Home alone: a Christian widower’s struggle

Home alone: a Christian widower’s struggle
Graham ans Susie Heaps
Graham Heaps
Graham Heaps Graham is a retired pastor of Dewsbury Evangelical Church. He was converted as a teenager, but grew up in a home where God was never mentioned. He became a widower in 2017 and has 5 grown-up children.
23 August, 2017 7 min read

‘You don’t get married to live on your own!’ Yet, in this world of disease and death, that loneliness comes to many men and women who have spent much of their adult working-life in the joy of a deeply satisfying Christian marriage.

About two years ago, my wife for four decades fell asleep in Jesus, after a fairly brief illness.


Sue was the delight of my life, my best friend and my soulmate. Her passing has left a huge hole in my world. Nothing is the same now. Nothing is as good as it was with her around.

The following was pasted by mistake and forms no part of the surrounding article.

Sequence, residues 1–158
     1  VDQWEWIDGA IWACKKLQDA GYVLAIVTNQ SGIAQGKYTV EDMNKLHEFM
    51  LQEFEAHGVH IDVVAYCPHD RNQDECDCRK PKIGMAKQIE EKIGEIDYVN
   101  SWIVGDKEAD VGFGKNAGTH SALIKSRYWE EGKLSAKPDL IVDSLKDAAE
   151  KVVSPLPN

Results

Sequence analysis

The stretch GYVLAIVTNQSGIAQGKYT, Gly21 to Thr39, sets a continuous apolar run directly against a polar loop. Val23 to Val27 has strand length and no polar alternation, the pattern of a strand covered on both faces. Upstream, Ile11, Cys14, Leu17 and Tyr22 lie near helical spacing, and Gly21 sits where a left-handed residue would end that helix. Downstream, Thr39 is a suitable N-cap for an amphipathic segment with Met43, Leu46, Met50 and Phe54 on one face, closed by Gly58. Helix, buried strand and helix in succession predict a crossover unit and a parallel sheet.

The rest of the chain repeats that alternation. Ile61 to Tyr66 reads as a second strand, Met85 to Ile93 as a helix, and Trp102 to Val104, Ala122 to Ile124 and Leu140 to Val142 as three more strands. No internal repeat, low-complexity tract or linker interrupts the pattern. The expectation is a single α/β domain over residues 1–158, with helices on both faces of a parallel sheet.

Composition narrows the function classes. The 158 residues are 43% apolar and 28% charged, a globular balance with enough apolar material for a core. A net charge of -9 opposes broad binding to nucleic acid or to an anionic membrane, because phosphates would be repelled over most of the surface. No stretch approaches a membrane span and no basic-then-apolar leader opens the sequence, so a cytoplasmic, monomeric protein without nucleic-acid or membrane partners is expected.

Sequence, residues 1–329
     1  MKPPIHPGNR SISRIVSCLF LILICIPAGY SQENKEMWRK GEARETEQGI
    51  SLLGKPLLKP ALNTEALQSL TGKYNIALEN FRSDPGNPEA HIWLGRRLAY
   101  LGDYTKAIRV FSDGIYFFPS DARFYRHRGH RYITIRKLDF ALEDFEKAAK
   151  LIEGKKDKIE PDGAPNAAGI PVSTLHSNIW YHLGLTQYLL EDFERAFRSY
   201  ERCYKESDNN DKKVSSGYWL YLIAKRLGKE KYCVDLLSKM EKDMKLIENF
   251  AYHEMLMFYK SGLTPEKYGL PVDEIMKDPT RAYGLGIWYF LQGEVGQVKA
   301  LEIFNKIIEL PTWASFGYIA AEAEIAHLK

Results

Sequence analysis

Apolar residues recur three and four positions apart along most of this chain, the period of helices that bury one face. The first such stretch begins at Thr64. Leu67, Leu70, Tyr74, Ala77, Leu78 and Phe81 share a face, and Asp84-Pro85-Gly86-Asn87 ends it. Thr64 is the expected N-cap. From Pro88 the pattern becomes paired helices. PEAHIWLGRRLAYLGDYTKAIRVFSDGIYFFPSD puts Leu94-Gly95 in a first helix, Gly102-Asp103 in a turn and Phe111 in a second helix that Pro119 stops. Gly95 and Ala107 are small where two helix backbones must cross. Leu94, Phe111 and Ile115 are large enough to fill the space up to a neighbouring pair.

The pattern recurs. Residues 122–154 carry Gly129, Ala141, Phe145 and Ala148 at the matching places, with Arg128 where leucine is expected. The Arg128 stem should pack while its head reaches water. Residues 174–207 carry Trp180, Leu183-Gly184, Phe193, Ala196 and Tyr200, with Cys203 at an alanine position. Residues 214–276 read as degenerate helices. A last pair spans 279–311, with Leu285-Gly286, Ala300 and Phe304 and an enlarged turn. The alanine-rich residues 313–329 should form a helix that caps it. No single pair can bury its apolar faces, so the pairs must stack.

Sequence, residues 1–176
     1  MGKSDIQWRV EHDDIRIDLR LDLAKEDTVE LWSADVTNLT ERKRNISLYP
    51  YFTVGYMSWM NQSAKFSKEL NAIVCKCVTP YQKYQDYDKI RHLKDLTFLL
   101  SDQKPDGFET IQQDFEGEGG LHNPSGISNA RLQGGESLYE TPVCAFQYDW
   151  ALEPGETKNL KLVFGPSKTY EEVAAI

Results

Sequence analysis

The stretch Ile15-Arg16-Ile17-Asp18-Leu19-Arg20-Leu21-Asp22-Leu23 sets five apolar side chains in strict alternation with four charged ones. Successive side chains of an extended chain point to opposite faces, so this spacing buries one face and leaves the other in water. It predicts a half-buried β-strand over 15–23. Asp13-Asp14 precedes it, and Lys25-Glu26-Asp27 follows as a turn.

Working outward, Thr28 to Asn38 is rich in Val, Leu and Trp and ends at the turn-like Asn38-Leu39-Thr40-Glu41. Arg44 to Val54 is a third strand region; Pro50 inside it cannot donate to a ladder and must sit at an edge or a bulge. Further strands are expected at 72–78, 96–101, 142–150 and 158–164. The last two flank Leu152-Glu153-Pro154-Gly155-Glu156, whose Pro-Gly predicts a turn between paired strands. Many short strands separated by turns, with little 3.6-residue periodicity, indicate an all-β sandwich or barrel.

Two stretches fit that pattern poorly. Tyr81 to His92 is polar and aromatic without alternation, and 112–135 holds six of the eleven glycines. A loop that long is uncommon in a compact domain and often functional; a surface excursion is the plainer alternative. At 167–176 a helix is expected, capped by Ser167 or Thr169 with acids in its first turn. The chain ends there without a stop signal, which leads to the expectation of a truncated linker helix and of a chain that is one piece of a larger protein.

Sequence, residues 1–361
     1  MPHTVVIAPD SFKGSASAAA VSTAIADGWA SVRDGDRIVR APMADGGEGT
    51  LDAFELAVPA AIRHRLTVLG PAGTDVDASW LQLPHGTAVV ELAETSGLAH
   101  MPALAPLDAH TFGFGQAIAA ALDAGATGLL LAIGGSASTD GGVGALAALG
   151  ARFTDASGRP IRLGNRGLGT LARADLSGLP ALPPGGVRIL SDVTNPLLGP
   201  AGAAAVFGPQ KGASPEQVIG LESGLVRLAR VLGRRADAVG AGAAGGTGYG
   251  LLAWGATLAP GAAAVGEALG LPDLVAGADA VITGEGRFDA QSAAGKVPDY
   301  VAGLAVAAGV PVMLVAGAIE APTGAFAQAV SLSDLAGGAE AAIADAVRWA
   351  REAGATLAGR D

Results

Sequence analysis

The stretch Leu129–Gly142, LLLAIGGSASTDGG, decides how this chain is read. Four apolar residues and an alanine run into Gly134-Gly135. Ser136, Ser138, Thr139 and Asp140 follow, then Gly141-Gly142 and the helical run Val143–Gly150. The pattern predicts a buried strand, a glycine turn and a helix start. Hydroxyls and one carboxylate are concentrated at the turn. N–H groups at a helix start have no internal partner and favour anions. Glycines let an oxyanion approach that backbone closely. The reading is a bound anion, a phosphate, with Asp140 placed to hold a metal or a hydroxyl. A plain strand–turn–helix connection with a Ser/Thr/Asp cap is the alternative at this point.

I miss her in a myriad of ways. The house is dirty; the garden overgrown. The fridge is half-empty. I no longer watch Call the midwife or Poldark. There is no one with whom to share my joys or heartaches. There’s no one to join me in a late-night game of Scrabble or share my prayer times.

There is no one to tell me it’s time to go to bed, or cuddle up to when I get there. No one reads to me anymore; reminds me to put out the wheelie bin or take my tablets; asks me how my day has gone and tells me the most intimate secrets of the heart.

I miss dreadfully having someone who always wants me to hold their hand. I miss being able to share a cream tea in the cafe of a National Trust property. I miss having someone to call four times a day from the Banner Minister’s conference, when I just long to enthuse over a wonderfully uplifting address or sweet conversation with a friend, old or new.

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